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3 Useful Metrics for Analysing and Improving Customer Satisfaction

Customer satisfaction is defined by a set of key metrics that are used to evaluate customer experience and the factors that influence it. Customer experience is the paramount driver of brand loyalty and a key success factor for any organization. 

In order to measure customer satisfaction, it is important to have a reliable set of customer metrics that reflect how the company’s performance and value are perceived by customers. 

The best companies in the world are using important customer satisfaction metrics to refine their marketing strategy. This helps them to drive personalized relationships and develop strong customer experiences.

In this article, we consider three quantifiable metrics. These metrics give a correct picture of how your service delivery impacts the experience of your customers. 

Customer Retention Rate

Generally, the retention rate measures the number percentage of customers who return to your company, product, or service. Each return a customer makes is a sign that the previous interaction or purchase was, at least, satisfactory to them. 

A high retention rate indicates that most customers are content with your product or service.

The common formula is to subtract the number of customers acquired over the period from the number of customers you had at the end of the period; then divide the result by the number of customers that you had at the beginning of the period. 

For example, say, a business had 107 customers on July 1st, acquired 32 customers throughout July, and by the month’s end had 124 customers. The customer retention rate over the month of July would be:

124-32 = 92

Then;

(92/107)*100 = 86% CRR for the month of July.

Average CRRs vary by industry. According to data from Statista, find the average retention rates for various industries below:

  • Media – 84%
  • Professional Services – 84%
  • IT Services – 81%
  • Financial Services – 78%
  • Banking – 75%
  • Consumer Services – 67%
  • Retail – 63%

Customer Churn Rate

It is normal for a business to lose a certain number of customers every now and then, especially the larger companies. But sometimes, the rate must be probed to determine why customers may be leaving.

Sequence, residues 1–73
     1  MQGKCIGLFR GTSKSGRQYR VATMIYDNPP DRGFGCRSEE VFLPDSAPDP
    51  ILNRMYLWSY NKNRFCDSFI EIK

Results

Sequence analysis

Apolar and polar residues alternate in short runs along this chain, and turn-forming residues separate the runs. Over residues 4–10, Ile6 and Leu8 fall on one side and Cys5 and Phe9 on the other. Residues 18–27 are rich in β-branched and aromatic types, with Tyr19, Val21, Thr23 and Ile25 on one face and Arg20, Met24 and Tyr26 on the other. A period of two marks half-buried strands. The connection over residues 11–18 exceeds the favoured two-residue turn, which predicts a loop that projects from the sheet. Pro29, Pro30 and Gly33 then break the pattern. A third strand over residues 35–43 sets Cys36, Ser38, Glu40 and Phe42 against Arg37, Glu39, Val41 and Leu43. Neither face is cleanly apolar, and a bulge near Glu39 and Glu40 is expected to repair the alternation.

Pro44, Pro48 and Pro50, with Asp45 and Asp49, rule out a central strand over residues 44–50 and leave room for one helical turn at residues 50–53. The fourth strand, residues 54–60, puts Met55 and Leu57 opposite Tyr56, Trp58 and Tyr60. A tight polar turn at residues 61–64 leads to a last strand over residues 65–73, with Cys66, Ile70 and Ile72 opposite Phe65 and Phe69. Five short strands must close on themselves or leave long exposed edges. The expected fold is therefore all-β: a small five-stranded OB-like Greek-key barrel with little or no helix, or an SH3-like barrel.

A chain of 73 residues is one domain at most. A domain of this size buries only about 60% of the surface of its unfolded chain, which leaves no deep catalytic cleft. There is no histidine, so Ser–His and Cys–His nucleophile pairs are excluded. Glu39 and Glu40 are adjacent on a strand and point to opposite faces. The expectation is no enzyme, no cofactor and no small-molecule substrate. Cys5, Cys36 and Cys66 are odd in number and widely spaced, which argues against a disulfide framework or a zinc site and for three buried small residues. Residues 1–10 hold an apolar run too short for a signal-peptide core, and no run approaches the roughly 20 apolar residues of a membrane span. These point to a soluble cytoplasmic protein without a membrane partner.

The customer churn rate has a direct impact on a business’s profitability because each customer lost is revenue lost. The global average value of every lost customer is $243. For small businesses, in particular, each customer that they lose can be a major setback. 

How do you calculate the churn rate? Divide the number of customers lost over a period by the total number of customers that the business had at the beginning of the period. Then multiply the result by 100. 

If a business starts July with 577 customers and loses 63 customers in that month, the churn rate would be (63/577)*100, which gives us an 11% churn rate for July. 

The average churn rate by industry varies widely. In the US, general retail has a yearly churn rate of 24%; online retail, 22%; Telecom/wireless, 21%; travel, 18%; etc. 

A churn rate well below 10% for any given period gives the business boasting points. 

Average Resolution Time/Time to Resolution

The idea behind this is simple: the faster you resolve a customer’s issue decisively, the more satisfied the customer is. 

Certainly, some issues require more complexity than others and so may take more time to resolve. However, your goal must be to continually drive down the average resolution time. 

You can also compare average resolution times by customer service employees, the nature of the issues reported, the channel of communication (phone call, social media, email, etc.) or any other relevant factor. 

The multiple viewpoints help you to paint a true picture of the situation and uncover opportunities on how to improve ticket resolution for future issues. 

It is important to note, too, that when it comes to ticket resolution, checking only the average resolution time, regardless of the factors, may give you misleading data if you ignore the context. 

For instance, a customer would be quite satisfied if their issue took 10 days to resolve but throughout the period, they received regular updates. The same customer would be less satisfied if their issue took 7 days to resolve but you didn’t keep them informed through the period.

Therefore, you should apply this metric with carefulness, taking into account the context and overall customer experience. 

Conclusion

Note that these metrics are only meant to help you understand how effective your tactics and overall strategy are; they are not figures for you to obsess over. 

If you want your business to be successful, then you need a way to understand your customers better and react accordingly.

In this post, we have highlighted some powerful metrics that can be used to analyze and improve customer satisfaction – as well as the behaviours that create these experiences.

Data is power and we expect that these insights would enable you to collect accurate information and refine your service delivery in ways that improve customer satisfaction.

SGG Team

This content is written by the Startup Growth Guide Team. Get expert guide and support in growing your business by reading the insights we share on the blog. Also, reach out to us to learn how we can help to effectively promote your products and services online.

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